So you can’t afford a patent but you have a patentable invention? Don't start your business without a considered approach to intellectual property (IP) or it can be detrimental down the track and difficult to rectify.
In episode 5 of Shark Tank, we again saw that our entrepreneurs understood the value of protecting their IP both in Australia and overseas. It was also evident from a number of Sunday’s pitches including the hair styler and Hegs; a peg with a hook, that their first priority was protecting their most valuable asset - at any cost – for patents for inventions, along with trade marks for brands and product shape.
For some inventors, the benefits of patent protection outweigh the costs.
The final pitch for the night saw entrepreneur Brian's shark guitar attract a bid all of its own during his entertaining pitch.
Now, what if you’re strapped for cash? Does that mean you should forfeit your invention? Not necessarily, but you should consider a provisional patent application, much like Brian did for his guitar. A provisional gives you the option of delaying your standard patent application by 12 months. In effect, it buys you time for a small fee from $110.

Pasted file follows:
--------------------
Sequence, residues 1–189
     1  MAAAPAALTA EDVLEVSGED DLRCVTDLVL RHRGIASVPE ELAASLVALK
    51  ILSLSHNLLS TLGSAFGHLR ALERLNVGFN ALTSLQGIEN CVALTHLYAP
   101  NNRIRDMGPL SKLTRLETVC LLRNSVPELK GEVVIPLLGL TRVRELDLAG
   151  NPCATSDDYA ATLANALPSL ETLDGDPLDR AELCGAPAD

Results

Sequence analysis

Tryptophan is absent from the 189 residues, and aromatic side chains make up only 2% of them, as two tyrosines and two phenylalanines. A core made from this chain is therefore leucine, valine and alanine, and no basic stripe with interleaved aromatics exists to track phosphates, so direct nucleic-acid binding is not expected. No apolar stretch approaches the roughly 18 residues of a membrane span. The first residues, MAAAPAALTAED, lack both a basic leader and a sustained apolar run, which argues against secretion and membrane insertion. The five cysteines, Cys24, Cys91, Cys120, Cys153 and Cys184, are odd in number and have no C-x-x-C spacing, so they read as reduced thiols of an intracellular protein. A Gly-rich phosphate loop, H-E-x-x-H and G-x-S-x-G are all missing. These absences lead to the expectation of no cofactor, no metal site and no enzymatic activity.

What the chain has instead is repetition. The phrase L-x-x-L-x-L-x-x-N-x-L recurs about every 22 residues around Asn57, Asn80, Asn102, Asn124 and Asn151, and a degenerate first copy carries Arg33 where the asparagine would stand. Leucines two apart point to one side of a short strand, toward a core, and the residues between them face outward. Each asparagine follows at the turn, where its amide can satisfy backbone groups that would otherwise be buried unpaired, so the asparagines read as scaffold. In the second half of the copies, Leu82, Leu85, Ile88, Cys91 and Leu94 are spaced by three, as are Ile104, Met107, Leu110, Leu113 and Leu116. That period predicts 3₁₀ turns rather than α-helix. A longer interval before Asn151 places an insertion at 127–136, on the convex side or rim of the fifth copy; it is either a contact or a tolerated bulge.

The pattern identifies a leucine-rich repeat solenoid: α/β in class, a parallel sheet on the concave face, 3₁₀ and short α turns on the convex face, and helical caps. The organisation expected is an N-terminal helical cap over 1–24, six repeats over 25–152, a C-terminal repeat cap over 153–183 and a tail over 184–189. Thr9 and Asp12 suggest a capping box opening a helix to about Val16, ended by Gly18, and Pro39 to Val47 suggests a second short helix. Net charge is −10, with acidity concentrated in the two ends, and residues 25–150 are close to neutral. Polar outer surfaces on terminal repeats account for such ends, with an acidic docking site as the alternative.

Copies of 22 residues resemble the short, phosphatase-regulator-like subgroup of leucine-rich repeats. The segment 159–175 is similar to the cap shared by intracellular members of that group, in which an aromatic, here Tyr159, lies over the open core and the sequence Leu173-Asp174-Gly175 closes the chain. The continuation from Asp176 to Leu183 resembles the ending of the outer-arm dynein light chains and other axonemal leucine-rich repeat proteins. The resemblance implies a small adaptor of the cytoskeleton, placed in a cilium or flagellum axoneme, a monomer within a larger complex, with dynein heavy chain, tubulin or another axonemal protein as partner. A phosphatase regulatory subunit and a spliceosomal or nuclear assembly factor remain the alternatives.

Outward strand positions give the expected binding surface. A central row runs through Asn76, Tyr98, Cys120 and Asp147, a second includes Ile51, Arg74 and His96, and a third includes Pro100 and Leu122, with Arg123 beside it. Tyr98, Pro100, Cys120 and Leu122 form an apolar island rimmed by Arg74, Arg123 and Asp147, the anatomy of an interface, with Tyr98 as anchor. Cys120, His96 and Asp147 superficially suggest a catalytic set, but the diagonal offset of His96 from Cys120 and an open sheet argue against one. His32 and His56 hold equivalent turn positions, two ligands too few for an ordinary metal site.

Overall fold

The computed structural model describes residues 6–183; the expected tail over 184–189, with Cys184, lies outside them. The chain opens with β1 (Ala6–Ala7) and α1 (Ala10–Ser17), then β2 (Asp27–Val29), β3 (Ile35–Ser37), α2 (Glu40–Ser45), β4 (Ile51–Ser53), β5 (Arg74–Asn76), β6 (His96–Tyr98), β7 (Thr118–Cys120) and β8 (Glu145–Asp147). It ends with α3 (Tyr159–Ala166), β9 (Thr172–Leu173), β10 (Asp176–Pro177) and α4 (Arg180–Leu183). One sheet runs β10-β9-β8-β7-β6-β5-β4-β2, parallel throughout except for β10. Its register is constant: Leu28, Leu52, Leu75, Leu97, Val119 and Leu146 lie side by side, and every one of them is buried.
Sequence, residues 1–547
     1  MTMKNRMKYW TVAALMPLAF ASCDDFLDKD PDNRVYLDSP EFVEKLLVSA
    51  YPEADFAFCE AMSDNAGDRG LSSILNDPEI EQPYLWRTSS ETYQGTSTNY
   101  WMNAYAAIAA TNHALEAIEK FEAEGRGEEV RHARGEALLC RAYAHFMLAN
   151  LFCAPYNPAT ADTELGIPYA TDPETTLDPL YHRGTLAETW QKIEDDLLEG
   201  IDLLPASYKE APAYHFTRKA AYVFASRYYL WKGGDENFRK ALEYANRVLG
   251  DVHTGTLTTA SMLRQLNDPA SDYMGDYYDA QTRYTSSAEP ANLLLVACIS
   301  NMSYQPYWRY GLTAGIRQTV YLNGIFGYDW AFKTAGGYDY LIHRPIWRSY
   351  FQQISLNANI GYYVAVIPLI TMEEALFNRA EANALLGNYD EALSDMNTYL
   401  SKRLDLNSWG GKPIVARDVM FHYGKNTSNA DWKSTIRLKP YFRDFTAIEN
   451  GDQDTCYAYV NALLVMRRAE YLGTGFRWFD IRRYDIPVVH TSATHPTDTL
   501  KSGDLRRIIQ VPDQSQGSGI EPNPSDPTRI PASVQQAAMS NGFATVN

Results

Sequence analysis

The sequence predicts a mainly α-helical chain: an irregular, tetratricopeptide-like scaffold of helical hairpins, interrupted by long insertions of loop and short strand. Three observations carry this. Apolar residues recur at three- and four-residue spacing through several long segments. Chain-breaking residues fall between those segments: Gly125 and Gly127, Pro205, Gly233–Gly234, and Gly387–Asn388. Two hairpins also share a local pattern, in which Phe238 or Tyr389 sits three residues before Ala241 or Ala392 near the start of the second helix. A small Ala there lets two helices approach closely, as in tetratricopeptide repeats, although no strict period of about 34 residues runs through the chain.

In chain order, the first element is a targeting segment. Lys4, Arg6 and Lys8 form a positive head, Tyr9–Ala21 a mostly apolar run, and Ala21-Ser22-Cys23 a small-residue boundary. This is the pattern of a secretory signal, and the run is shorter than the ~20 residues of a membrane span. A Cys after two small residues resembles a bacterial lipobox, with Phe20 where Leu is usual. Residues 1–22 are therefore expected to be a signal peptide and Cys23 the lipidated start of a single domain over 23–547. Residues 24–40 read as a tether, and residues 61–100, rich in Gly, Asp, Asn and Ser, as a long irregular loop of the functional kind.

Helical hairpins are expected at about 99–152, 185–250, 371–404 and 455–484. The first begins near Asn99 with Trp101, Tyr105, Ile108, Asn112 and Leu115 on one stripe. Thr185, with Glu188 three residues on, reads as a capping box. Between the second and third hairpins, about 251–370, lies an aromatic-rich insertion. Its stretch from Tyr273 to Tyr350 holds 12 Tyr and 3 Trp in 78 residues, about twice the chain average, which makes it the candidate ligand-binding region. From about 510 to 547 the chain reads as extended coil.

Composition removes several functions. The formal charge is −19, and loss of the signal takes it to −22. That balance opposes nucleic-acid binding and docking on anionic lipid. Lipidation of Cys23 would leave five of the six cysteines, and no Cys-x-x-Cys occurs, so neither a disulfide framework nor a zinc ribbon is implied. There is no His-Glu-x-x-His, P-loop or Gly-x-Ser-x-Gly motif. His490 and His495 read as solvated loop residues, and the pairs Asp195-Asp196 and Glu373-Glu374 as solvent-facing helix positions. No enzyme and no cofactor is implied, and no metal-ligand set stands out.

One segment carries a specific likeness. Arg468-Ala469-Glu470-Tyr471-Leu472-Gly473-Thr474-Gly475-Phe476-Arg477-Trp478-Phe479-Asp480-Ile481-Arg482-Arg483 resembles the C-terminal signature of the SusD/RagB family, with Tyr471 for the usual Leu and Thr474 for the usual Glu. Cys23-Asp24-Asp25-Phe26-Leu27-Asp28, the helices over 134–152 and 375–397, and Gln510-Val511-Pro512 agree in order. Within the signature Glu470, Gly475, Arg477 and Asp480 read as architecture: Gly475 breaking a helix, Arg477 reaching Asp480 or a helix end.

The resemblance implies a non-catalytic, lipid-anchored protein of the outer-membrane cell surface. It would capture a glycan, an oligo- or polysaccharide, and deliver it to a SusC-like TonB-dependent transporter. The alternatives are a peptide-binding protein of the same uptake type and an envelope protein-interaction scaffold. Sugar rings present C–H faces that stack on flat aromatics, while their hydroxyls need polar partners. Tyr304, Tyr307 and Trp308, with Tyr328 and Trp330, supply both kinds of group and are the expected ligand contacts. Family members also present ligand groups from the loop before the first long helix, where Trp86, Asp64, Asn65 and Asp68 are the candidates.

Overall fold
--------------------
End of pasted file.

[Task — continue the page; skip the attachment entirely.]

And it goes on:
A lot could happen in 12 months. You could attract a new investor or grant funding. You might be able to crowd-source the money you need for a standard or innovation patent application.
So why are provisional patent applications so cheap? A provisional patent doesn’t give you patent protection by itself; it merely provides the earliest possible priority date for later standard patent application. The provisional merely describes the invention sufficiently for someone working in the industry to understand it.
One word of caution; just because provisionals are cheap, doesn’t mean you should cut corners. A detailed description of your invention can pay big dividends later down the track. Some less important aspects of your invention may turn out to be vital in the ultimately granted patent.
Episode 6 of Shark Tank airs 8.00pm Sunday 15 March 2015 on TEN. Tune in to see more Aussie entrepreneurs dive into shark infested waters for what is said to be a feeding frenzy!
- Keen to learn more about innovation patents off the back of guitar pitch? Get started with our information on Provisional applications.
- An Australian trade mark provides protection only within Australia. If you have a great idea like Scott Boocock’s ‘Hegs’ and intend to export overseas – make sure you understand International trade marks.
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